Express, not suppress
At a private viewing in London, I got introduced to a local artist whose work was not exhibited there. Instead, he invited me to an exhibition in his studio the next evening. He had converted a dilapidated church into an art studio, and in the process, created a new community.
I was late for the 6 pm exhibition, only managing to hear the last poem. It was in Arabic and from the tone of the poet's voice, I could tell that it was about war. The small church was located at the edge of a cemetery, next to a busy street. Inside, people were gathered with their backs against the prints of another artist.
As I walked from print to print, I could sense the artist's struggle to make sense of the war. There was death everywhere in the black and white colours. They were not prints I would buy. But they echoed of a familiarity, for they were made a decade ago, during the Iraq-Kuwait war. But it could be equally applicable today.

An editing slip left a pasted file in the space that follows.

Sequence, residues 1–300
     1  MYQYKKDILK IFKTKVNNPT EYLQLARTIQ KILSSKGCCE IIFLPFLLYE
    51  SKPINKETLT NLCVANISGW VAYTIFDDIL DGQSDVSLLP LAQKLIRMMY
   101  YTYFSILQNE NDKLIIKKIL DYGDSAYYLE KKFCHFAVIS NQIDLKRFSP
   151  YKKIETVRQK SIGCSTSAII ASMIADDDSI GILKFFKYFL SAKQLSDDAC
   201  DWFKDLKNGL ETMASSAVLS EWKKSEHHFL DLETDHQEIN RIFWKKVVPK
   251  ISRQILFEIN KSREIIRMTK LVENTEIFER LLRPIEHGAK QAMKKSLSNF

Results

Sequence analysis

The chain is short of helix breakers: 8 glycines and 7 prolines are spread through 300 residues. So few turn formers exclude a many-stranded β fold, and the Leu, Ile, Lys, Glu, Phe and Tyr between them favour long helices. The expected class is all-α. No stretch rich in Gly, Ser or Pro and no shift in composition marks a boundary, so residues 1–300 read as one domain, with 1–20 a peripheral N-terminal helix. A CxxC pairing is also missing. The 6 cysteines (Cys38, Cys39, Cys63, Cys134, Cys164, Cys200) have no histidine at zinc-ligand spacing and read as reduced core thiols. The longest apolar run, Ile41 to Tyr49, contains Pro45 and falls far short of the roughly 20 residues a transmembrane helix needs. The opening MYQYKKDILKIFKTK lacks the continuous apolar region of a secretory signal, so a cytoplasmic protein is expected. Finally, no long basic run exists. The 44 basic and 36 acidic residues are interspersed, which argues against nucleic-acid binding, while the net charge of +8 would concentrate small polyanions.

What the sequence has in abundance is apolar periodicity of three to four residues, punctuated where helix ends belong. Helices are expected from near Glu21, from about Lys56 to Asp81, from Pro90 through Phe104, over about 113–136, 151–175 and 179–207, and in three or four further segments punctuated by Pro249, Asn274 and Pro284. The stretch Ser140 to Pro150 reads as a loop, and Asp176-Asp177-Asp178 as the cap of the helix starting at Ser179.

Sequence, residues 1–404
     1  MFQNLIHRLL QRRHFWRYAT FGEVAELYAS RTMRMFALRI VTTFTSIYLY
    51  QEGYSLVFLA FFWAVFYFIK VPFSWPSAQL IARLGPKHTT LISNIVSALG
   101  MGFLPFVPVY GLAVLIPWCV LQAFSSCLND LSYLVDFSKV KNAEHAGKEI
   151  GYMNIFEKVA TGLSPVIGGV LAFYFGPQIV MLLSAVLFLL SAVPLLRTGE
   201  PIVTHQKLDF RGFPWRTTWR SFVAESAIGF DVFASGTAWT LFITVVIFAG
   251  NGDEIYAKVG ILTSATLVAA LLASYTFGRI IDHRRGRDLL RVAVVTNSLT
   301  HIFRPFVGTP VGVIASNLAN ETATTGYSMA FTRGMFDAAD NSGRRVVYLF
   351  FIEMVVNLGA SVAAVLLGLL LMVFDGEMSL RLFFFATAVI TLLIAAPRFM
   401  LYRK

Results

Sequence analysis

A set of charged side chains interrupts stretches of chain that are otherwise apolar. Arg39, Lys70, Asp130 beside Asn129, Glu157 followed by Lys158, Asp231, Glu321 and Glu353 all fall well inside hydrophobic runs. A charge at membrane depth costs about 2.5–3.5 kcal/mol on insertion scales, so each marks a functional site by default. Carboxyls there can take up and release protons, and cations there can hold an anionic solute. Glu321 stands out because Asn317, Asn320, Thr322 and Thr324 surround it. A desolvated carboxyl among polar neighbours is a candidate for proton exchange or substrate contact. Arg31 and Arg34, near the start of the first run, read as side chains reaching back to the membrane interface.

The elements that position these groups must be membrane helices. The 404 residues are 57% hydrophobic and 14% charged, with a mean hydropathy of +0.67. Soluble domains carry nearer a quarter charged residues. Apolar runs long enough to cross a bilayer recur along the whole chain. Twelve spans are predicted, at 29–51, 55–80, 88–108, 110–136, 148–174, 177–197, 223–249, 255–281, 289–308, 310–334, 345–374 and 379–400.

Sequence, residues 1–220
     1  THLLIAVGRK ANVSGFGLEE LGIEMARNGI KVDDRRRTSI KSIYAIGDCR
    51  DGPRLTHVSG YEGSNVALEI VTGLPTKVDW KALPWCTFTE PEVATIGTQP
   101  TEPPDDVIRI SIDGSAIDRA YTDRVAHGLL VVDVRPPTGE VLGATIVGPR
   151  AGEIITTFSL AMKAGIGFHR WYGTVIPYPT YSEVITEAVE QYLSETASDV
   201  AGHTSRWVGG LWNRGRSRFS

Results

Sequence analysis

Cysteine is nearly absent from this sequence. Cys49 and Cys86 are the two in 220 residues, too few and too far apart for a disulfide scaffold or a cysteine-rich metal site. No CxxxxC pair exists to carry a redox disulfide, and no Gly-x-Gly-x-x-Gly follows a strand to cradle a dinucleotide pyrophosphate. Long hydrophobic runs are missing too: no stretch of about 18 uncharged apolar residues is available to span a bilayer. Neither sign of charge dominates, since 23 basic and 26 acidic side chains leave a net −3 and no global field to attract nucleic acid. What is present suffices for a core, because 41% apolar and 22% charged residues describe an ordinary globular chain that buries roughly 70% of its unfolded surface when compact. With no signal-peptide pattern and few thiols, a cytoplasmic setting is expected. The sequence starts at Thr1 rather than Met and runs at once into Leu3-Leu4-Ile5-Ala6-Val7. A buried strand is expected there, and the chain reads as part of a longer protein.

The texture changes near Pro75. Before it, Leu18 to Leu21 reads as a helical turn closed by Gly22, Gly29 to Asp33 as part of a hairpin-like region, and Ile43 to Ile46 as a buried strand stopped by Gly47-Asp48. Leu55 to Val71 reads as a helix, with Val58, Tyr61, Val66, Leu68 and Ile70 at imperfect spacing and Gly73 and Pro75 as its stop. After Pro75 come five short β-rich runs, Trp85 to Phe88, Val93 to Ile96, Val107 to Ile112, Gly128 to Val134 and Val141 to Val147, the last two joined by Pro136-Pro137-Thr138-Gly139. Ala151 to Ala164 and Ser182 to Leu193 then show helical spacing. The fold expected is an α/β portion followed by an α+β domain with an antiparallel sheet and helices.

A man approached me and asked if I was an artist. Is a musician an artist? I consider myself very primitive when it comes to visual art. But I am very sensitive to noise and rhythm. No, I replied. I'm not an artist. I'm a pianist.
He described himself as a poet and an artist. His studio was a hut in the middle of a nature reserve. Later I learned that he was a retired landscape artist and was using art to help the mentally ill.
"You can strech a steel wire from both ends as hard as you can. But eventually it will break."
Indeed, I see it in the workplace, where it may be easier to suppress than express. A company director once advised me to treat the workplace as a stage. You should appear the same for each show. It's not a place to express yourself.
Luckily, artists, musicians, and writers are allowed to express themselves through their work.
22 March 2002 Friday